Improving collaboration with the community
Guidelines spell out responsibilities
Hospitals and home care agencies often collaborate on an ad hoc basis with little attention to standardized policies and procedures. When these collaborations are done poorly, they can lead to problems and readmissions, which is why Children's Hospital Boston decided to create guidelines for case managers working with home care liaisons.
"We had a meeting with a group of home care providers who talked about some problems with referrals they had received not specifically from Children's Hospital, but in general," says Erika Penney, RN, MSN, CPNP, CCM, a nurse case manager at Children's Hospital Boston.
After the meeting, hospital leaders discussed the feedback and decided to put together guidelines for working with liaisons.
"We wanted to create our own guidelines, making it clear what our roles and responsibilities are when we're working with liaisons," Penney says.
Here is how the hospital created the guidelines:
Seek information and input from liaisons and staff: "We started it informally by talking amongst ourselves and meeting with various liaisons," Penney says. "It took us somewhere between six and nine months to gather all the information, go through several drafts and considerations before we finalized our guidelines."
Everyone in the department was asked to provide feedback. In meetings, staff had conversations centered on issues with liaisons and common themes in what worked and what did not, she adds.
"These conversations led to us starting a formal process of asking for written feedback about the issues the hospital staff had with liaisons and what they wanted to include in guidelines," Penney explains. "We also gathered job documents from other case management colleagues to get a sense of how their job documents were written up."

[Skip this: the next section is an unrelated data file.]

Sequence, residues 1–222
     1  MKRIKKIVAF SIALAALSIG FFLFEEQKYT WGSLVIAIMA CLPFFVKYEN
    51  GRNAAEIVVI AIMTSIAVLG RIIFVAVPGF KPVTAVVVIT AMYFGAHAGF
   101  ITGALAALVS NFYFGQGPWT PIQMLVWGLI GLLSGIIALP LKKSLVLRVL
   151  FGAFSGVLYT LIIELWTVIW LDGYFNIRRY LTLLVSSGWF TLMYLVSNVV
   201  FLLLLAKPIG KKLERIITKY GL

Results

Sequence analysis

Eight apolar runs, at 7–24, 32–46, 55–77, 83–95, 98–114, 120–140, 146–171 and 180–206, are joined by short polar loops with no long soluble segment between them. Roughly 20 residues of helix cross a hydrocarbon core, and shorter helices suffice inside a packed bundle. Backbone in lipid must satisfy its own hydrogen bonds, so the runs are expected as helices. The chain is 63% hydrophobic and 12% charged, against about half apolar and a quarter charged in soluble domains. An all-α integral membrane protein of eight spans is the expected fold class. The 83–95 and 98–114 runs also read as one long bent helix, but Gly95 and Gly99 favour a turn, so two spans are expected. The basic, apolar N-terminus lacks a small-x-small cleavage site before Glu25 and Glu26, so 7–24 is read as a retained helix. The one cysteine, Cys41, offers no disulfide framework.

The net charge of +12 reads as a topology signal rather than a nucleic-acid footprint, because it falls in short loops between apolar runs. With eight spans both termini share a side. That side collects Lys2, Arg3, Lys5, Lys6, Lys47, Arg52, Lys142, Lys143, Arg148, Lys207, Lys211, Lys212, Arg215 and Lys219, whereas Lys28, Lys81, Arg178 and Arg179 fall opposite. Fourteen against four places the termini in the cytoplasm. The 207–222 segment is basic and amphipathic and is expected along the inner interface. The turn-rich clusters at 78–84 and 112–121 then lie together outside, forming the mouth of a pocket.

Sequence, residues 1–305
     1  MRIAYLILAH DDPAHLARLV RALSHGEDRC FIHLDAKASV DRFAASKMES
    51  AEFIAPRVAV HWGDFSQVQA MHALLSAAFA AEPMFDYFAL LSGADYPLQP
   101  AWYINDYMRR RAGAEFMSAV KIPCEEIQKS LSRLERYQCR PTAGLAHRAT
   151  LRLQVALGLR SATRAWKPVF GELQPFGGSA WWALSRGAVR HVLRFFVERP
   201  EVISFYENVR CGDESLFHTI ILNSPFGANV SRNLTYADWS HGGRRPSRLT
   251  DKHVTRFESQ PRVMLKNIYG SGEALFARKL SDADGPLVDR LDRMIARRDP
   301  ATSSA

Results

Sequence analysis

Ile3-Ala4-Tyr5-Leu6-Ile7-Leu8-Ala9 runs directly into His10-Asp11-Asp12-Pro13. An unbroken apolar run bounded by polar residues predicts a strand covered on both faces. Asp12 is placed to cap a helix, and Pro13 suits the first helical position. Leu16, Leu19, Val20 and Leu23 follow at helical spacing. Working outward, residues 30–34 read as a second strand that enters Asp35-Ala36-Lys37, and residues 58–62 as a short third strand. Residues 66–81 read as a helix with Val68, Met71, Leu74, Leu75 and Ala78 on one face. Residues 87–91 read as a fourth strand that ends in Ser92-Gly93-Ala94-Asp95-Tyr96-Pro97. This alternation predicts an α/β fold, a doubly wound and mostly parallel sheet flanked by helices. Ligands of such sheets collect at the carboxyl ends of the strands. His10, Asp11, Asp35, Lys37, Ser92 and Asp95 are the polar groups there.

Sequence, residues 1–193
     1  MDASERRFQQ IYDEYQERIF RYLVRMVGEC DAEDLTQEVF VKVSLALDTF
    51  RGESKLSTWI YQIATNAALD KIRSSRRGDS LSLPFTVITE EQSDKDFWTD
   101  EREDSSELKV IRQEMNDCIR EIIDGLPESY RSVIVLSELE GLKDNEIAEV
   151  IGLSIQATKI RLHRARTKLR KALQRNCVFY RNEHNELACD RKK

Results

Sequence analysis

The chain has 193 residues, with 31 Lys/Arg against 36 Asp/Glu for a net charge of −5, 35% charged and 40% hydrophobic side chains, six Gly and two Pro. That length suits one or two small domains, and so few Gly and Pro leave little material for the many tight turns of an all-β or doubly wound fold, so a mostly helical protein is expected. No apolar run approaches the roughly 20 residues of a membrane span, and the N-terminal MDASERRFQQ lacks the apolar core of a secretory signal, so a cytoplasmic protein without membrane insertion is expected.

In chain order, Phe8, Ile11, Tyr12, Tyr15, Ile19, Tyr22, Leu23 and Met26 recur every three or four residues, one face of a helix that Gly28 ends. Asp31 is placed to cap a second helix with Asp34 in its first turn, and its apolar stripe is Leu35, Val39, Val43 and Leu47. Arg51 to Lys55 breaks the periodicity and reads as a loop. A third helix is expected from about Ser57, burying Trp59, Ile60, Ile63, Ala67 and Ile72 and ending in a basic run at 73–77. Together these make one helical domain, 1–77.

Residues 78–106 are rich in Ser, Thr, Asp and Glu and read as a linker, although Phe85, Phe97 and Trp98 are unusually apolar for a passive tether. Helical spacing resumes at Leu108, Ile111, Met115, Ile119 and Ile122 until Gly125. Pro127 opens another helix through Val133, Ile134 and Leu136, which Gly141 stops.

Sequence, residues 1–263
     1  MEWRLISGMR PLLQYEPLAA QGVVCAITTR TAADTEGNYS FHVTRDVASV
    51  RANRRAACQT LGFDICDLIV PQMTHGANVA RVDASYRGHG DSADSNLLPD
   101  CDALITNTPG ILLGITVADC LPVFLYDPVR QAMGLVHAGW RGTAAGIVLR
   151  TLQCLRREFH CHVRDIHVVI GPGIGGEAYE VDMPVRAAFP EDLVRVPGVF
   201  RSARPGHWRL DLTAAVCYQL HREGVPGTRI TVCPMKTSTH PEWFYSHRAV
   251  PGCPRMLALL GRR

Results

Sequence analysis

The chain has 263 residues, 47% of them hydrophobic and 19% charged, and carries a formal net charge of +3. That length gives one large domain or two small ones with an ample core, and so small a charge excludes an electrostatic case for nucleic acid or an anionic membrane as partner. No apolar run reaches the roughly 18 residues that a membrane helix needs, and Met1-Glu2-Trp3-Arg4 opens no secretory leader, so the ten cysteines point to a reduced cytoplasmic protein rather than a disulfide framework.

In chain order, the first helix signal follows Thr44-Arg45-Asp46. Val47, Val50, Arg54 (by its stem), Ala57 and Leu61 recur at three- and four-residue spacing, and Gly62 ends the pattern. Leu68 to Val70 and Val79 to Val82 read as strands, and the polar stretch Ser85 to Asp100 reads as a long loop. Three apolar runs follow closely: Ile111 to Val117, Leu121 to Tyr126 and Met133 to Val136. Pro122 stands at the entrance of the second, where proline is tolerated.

They also met informally with members of the hospital's liaison team and networked with three other case management departments in the Boston area, she adds.
Focus on communication: "Communication was a big component of where we felt things could fall through," Penney says. "People were not closing the loops and making assumptions the other person had done the work."
Someone might assume the case manager had done this task, and the case manager might assume the liaison had done it.
"We identified several themes that came out of our discussions," Penney says.
They found these characteristics common to a positive collaboration process at discharge:
- Hospital discharge staff and liaisons take time to learn each other's practices and backgrounds.
- They discuss and agree on each other's roles, responsibilities, and expectations in developing discharge plans and following through with the plans.
- They provide time for ongoing communication, including information updates, discussion of needs, and evaluation of progress.
- They recognize that the case manager or the liaison is responsible for various parts of the discharge planning process.1
Outline individual roles: The key is to avoid misunderstandings about the individual roles during the discharge process.
"We created a grid that outlined the roles and responsibilities as described in our discussions," Penney says. "Some are the case manager's responsibility; some are the liaison's responsibility, and some have a shared component."
An example of a case manager's responsibility might be to monitor and evaluate the patient's readiness for discharge. An example of the liaison's responsibility might be to communicate individualized needs and the discharge plan to the agency, and an overlapping responsibility could be to collaborate with the care team regarding what is needed to ensure a coordinated plan.1